Transportation between campuses includes cars, bikes, walking, scooters, carpooling or catching rides with friends. QU offers a shuttle service for students who don’t have any other means of transportation. There are two buses that transport students: shuttle 1 and shuttle 2.

The shuttle system takes students to and from North Campus. The shuttle is on a timed rotation with departure times running every 15 minutes at each of three stops. The shuttles run on a looped route, staying at opposite ends of each other on the route. Shuttles transport approximately 40-50 students a day.

There are three different schedules available to students. One in the QU student planner, one posted at shuttle stops, and one provided from the city of Quincy. The schedule from the city is the one the drivers use.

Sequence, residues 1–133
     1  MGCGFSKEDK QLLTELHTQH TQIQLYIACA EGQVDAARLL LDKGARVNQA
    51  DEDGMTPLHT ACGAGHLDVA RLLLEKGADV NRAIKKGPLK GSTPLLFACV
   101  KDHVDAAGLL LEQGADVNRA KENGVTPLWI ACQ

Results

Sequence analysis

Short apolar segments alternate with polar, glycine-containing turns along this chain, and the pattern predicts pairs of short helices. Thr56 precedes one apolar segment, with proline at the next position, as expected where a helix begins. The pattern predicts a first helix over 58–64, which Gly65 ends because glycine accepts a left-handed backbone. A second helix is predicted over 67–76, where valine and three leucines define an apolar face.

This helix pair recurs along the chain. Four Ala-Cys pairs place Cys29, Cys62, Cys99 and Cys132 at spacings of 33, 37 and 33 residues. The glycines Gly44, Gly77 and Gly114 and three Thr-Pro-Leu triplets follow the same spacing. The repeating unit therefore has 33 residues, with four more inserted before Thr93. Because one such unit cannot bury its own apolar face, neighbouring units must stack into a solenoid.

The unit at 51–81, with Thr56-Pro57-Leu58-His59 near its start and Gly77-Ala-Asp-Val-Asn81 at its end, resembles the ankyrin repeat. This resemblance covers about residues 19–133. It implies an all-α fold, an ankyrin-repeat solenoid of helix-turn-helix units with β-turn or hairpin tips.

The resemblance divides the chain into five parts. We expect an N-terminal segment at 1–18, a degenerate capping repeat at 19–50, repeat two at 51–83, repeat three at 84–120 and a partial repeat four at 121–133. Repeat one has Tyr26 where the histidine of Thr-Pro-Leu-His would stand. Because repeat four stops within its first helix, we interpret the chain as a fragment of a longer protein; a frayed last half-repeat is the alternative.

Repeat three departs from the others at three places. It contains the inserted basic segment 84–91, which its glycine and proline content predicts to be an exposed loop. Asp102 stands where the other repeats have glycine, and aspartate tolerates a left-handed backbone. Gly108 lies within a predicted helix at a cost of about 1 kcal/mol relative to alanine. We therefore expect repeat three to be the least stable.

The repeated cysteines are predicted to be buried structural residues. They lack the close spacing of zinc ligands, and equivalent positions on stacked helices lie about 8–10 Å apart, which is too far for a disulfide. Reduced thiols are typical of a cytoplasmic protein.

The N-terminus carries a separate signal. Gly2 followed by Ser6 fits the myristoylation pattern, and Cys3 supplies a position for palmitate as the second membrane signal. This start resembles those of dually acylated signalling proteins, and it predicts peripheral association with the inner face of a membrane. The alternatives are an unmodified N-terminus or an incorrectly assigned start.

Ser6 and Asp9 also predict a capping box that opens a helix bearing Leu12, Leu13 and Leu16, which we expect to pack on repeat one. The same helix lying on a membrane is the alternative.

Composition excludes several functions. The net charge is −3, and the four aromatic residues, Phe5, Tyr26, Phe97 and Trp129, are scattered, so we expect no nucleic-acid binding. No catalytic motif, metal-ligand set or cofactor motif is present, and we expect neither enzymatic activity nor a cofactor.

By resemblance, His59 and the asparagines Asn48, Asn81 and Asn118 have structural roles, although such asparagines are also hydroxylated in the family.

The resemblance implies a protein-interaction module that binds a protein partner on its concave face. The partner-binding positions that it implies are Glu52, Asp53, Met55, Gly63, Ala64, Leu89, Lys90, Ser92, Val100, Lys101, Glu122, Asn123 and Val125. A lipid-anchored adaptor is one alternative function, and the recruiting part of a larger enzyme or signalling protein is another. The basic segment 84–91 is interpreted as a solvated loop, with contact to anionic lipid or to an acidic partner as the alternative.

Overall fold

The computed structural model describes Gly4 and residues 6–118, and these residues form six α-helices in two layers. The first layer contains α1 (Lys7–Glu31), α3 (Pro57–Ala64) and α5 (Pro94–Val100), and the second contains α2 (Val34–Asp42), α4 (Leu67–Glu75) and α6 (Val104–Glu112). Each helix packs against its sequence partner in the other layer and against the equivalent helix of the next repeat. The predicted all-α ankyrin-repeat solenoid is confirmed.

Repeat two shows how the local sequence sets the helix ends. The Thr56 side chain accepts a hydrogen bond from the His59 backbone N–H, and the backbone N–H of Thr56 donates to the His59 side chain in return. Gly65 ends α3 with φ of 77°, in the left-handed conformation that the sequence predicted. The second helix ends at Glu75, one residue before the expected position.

Some students must rely heavily on the shuttle as it is their only form of transportation. 

“It is really convenient for me because I am an international student so I don’t have a car. I have classes at North Campus everyday. It never seems like I have to wait long, sometimes class gets out right on time and that’s the same time the bus leaves so we have to wait till the next one comes but it’s never really long,” Emma Wijnbergen said.

For other students the shuttle system isn’t as crucial.

Faith Krabbe visits the Quincy riverfront.